Back to our formula. If a company pays $5 in dividends per share and was expected to return 10% and grow at 5%, its price would be $100 per share. If the rate of return required is now higher by one percentage point because interest rates are moving up, and everything else is the same, the price would be $83 per share—that is, 17% lower. Now imagine people believe growth may slow from 5% to 4%. This coupled with that higher required rate of return means the price is near $71. Our hypothetical stock has experienced a 29% decline because of a slight change in the required return and the slowdown in growth.
Now back to reality. In a matter of three weeks, investors have begun to think that the Fed will raise rates more quickly, pricing in another hike or two in 2022. They have also begun to believe the economic slowdown will accelerate due to higher prices stemming from higher energy prices and labor costs (so, lower growth). Plus, investors have quickly come to believe the required rate of return for stocks needs to be higher (given higher interest rates). As you can see from the example above, these changes in both “r” and “g” are not a great combination for stock prices.
We touched on “g”—but now let’s take an even closer look at it.
Of course, it’s true that growth is slowing. In 2021, the economy was recovering from the depths of the pandemic in 2021 and as a result, the U.S. economy grew by more than 6%. That level of growth was not sustainable. In 2022 we believe we’ll return to a more normal level of growth, though still elevated. This growth should support company earnings, albeit not at last year’s levels of 49% on average for S&P 500 stocks. Earnings may grow by 8% this year, not more than twice that amount.
Growth stocks, i.e., those stocks representing companies whose cash flow and earnings growth are much better than the market, have seen their prices decline more than most in the last several weeks. Some of these were the “stay-at-home” darlings of the pandemic.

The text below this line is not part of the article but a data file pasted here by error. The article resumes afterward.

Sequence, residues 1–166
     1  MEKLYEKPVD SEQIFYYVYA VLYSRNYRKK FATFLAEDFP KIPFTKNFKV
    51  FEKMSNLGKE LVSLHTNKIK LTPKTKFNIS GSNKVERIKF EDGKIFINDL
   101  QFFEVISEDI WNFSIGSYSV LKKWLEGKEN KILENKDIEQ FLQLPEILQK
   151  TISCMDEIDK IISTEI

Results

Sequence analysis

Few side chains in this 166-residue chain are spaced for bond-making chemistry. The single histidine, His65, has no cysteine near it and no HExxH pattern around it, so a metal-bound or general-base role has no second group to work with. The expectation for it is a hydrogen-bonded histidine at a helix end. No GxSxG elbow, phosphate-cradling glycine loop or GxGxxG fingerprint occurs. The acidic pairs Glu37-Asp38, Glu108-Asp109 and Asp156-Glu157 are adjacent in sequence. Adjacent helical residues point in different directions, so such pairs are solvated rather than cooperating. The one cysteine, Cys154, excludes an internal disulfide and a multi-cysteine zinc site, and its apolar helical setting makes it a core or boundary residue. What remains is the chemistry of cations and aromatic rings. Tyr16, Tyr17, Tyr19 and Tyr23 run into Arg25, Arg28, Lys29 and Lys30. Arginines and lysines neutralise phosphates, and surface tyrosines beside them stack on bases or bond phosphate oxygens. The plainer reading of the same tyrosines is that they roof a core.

Netflix stock is down 37% since the beginning of the year. The company recently projected subscriber growth to slow by four million people during the first quarter. Other stay-at-home stocks like Zoom (-25%) and Peloton (-33%) have fallen quite a bit as well. And if we looked at a longer time horizon, we’d see even bigger losses.
That’s the problem with growth stocks. When everyone believes that “g” will keep moving higher, growth stock prices are bid up to unimaginable valuations. Then, when the momentum disappears, they fall quickly. That’s what we’ve seen this year.
Not everything has lost money. Energy stocks are up! XLE, the energy ETF, has returned 18% since the beginning of this year. And while the financial services sector remains relatively flat this year, better net interest margins are likely to help those companies. In fact, if you remove the technology sector, the S&P 500 Index is down only about 4% this year, not nearly 9%.
As we enter 2022, the uncertainty surrounding economic growth, corporate earnings growth and the future for interest rates has led to tremendous volatility. However, as we’ve stated earlier, economic growth could be stronger than the long-term average, inflation may have peaked, and corporate earnings are likely to be sound. As you can see from how much “r” and “g” affect stock prices, as long as these values are uncertain, volatility may persist.